Record 42-Inch Bore Helps Connect LNG Terminal, Pipelines

Shared Risk, Cooperation Make Complicated Project Possible
April 2009 Vol. 64 No. 4

Although the original permit required approximately 12 months, the regulatory agencies involved in the project were very cooperative and approved the revised plan in just 30 days. Machicado credited the prompt approval of the revised plan to the fact that the agencies involved were comfortable with the project and were well aware that the revised plan offered a much lower environmental impact. “The revised plan shortened the overall length of the pipeline 330 feet, and eliminated the need for a work pad supported by barges. Despite this environmental upgrade, some of the regulatory agencies imposed regulations and specifications that had to be met prior to starting the single drill construction project,” he pointed out.

For instance, the U.S. Army Corps of Engineers specified the crossing reach a minimum depth of 65 feet within 25 feet of the banks of the Intracoastal Waterway. “In this way, there would be no danger to the existing pipelines on the floor of the waterway,” Machicado said. Also, the planned crossing would have to tunnel beneath 11 existing pipelines on the banks and floor of the Intracoastal Waterway, including a 36 inch diameter U.S. Department of Energy (DOE) crude oil pipeline serving the U.S. Strategic Petroleum Reserve, the largest emergency supply of petroleum in the world. In addition, LDD also had to provide the DOE with copies of the new drill profile and the date the activity would take place. According to Greenwell, a DOE official was required onsite to observe the drilling and ensure that there was no damage to the pipeline serving the petroleum reserve.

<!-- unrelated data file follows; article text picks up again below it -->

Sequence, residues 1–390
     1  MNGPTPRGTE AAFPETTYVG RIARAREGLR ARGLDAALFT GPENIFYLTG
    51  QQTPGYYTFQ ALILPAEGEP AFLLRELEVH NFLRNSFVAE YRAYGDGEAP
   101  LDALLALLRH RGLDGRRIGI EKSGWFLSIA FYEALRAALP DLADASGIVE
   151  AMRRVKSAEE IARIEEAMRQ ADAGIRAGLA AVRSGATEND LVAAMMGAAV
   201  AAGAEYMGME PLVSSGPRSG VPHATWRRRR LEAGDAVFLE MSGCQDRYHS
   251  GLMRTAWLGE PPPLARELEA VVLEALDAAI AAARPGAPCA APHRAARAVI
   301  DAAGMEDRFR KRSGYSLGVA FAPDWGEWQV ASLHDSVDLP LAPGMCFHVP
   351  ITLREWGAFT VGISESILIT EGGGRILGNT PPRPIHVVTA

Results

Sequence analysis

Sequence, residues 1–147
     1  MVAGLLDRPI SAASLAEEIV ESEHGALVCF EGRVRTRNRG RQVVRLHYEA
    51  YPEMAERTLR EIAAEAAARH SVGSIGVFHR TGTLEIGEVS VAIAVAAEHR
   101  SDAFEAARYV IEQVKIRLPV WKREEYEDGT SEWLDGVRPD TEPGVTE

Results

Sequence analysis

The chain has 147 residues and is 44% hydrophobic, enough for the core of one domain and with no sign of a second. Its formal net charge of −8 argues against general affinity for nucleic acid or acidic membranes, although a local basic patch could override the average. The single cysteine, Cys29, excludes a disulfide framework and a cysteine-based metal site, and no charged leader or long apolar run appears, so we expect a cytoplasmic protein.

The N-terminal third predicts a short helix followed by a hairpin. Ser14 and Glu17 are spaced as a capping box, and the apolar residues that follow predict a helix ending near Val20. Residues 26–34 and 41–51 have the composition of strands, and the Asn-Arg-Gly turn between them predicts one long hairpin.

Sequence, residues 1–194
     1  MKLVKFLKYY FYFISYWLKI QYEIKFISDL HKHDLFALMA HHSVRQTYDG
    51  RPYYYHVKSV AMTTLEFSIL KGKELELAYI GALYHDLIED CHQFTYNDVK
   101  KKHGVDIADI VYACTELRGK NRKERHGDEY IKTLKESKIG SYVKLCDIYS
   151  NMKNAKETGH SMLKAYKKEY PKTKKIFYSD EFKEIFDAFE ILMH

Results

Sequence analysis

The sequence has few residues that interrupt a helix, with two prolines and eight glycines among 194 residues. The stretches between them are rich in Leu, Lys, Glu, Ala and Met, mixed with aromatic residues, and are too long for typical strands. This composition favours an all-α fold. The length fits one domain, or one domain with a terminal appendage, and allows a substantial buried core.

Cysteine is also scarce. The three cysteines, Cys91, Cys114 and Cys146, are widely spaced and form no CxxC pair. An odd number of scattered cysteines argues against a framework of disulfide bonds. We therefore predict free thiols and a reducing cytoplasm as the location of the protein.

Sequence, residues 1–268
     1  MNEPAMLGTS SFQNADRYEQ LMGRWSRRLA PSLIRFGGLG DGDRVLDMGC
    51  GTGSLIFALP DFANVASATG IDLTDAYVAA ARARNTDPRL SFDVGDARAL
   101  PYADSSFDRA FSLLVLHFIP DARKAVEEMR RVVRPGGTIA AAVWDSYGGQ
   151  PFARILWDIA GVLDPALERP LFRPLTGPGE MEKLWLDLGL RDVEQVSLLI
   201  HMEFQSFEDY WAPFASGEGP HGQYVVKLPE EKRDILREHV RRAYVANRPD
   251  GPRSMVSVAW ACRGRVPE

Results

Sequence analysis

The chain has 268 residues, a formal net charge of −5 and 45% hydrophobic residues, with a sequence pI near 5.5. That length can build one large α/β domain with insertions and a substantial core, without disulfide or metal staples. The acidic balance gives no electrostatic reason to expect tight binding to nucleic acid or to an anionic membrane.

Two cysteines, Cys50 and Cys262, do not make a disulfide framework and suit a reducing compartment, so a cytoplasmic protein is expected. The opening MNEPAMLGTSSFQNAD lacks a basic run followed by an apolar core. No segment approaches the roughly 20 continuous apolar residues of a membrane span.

LDD also was required by Sempra and the Federal Energy Regulatory Commission to provide a detailed environmental plan for the drilling project. Laney also received notice that throughout the drilling process its own environmental crews were required to observe and make continuous physical inspections to ensure that there was no inadvertent drilling fluid releases (frac outs) in the wetlands or the Intracoastal Waterway.

Crossing

In May 2008, LDD mobilized equipment and supplies to the drill site on the east side of the waterway. This included one of the largest HDD rigs in the world, capable of 1.7 million pounds of pullback force.

Drilling the 9 5/8 inch pilot bore took 14 days. This initial 6,669 foot drilling operation was precisely on target. LDD’s crew made several reaming passes, swabbed with barrel reamer to ensure the bore path was clean and ready to accept the pipe section.